Resource Library Contracts in JSF2.2 (TOTD #202)


JavaServer Faces 2 introduced Facelets as the default View Declaration Language. Facelets allows to create templates using XHTML and CSS that can be then used to provide a consistent look-and-feel across different pages of an application. JSF 2.2 defines Resource Library Contracts that allow facelet templates to be applied to an entire application in a reusable and interchangeable manner.

This Tip Of The Day (TOTD) will explain how you can leverage them in your web application.

The complete source code for this sample can be downloaded here. This will run on GlassFish build 72 + latest JSF 2.2.0 SNAPSHOT copied over "glassfish3/glassfish/modules/javax.faces.jar" file.

Consider the following WAR file:
index.xhtml
user/index.xhtml
contracts/blue/layout.css
contracts/blue/template.xhtml
contracts/red
contracts/red/layout.css
contracts/red/template.xhtml
WEB-INF/faces-config.xml

The application also has two pages - "index.xhtml" and "user/index.xhtml". All contracts reside in the "contracts" directory of the WAR. All templates and resources for a contract are in their own directory. For example, the structure above has two defined contracts "blue" and "red". Each contract has a "template.xhtml" and a CSS. Each template is called as "declared template". The "template.xhtml" has <ui:insert> tags called as "declared insertion points". CSS and other resources bundled in the directory are "declared resources". The "declared template", "declared insertion points", and "declared resources" together make the definition of the resource library contract. A template client needs to know the value of all three in order to use the contract.

In our case, templates have similar "ui:insert" sections and template clients will accordingly have "ui:define" sections. The difference will primarily be in the CSS. "index.xhtml" will refer to the template as:

<ui:composition template="/template.xhtml">
<ui:define name="content">
. . .
</ui:define>
</ui:composition>

The usage of the contracts is defined in "faces-config.xml" as:

<application>
<resource-library-contracts>
<contract-mapping>
<url-pattern>/user/*</url-pattern>
<contracts>blue</contracts>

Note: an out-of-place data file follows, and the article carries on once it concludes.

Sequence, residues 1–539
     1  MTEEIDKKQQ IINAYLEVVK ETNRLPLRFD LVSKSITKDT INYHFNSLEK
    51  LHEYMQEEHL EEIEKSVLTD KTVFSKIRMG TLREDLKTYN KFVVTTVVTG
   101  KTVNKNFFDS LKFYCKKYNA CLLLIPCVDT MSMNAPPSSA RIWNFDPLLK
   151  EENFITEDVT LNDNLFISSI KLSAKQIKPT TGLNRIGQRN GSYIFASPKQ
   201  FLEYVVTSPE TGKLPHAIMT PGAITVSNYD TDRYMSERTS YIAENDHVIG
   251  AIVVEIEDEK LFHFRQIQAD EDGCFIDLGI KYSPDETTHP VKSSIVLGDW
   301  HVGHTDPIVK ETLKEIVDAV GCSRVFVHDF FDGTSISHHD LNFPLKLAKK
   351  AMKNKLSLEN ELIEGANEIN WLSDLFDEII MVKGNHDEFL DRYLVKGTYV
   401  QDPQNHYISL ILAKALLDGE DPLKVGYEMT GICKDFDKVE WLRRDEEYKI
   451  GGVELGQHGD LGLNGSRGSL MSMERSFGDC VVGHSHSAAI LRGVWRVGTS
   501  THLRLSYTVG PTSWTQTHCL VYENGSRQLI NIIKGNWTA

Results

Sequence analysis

</contract-mapping>
<contract-mapping>
<url-pattern>*</url-pattern>
<contracts>red</contracts>
</contract-mapping>
</resource-library-contracts>
</application>
A contract is applied based upon the URL pattern invoked. Based upon the configuration specified here, "red" contract will be applied to "faces/index.xhtml" and "red" contract will be applied to "faces/user/index.xhtml".

The template of the page can be changed dynamically as well. For example consider "index.xhtml" is updated as:

<f:view contracts="#{contractsBean.contract}">
<ui:composition template="/template.xhtml">

<ui:define name="content">
<a href="#{facesContext.externalContext.requestContextPath}/faces/user/index.xhtml">Go to</a> other contract
<p/>
Look at WEB-INF/faces-config.xml for contract configuration.
<p/><p/>
Choose a template:<br/>
<h:form>
<h:selectOneRadio value="#{contractsBean.contract}" layout="pageDirection" required="true">
<f:selectItem itemValue="red" itemLabel="red"/>
<f:selectItem itemValue="blue" itemLabel="blue"/>
</h:selectOneRadio>
<h:commandButton value="Apply" action="index" />
</h:form>
</ui:define>

</ui:composition>
</f:view>
The "ui:composition" is included in "f:view". An additional "contracts" attribute can bind to an EL. The value of this EL is populated from the radio button in the newly added form. Now you can choose a radio button, click on the "Apply" button and the new template will be applied to the page. The bean is very trivial:

@Named
@SessionScoped
public class ContractsBean implements Serializable {

String contract = "red";

public String getContract() {
return contract;
}

public void setContract(String contract) {
this.contract = contract;
}
}

This is a very powerful feature. Imagine providing different look-and-feel for your website and letting the user choose them, fun eh ?

Contracts may be packaged as a JAR file. Such a JAR file maybe bundled in "WEB-INF/lib" directory. Read section 2.7 for more details about the packaging requirement and a marker file that identifies the JAR to contain a contract.

In the specification ...
  • Section 10.1.3 provide background on the feature.
  • Section 2.7 provide formal definition of the feature.
  • Section 11.4.2.1 defines how the contracts are identified during application startup.
Create templates as JAR files and reuse them across different applications, enjoy!

Comments:

I'm investigating use of this feature in a new application. The challenge is that the templates are built into the .WAR file (either directly or as .jar files). We need to be able to release a single .war for all customers that does not contain the templates of other customers. The customer provides their various themes/contracts on the filesystem to make our application look & feel like it is part of their corporate website. I'm going to investigate creating a custom resource resolver that can integrate with the new contracts functionality so I can just redirect /contracts to a directory on the filesystem.

Does the JSF expert group think that building a custom .war file for each and every customer is desirable or acceptable? I do not.

Posted by guest on August 29, 2013 at 01:17 PM PDT #

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Arun Gupta is a technology enthusiast, a passionate runner, author, and a community guy who works for Oracle Corp.


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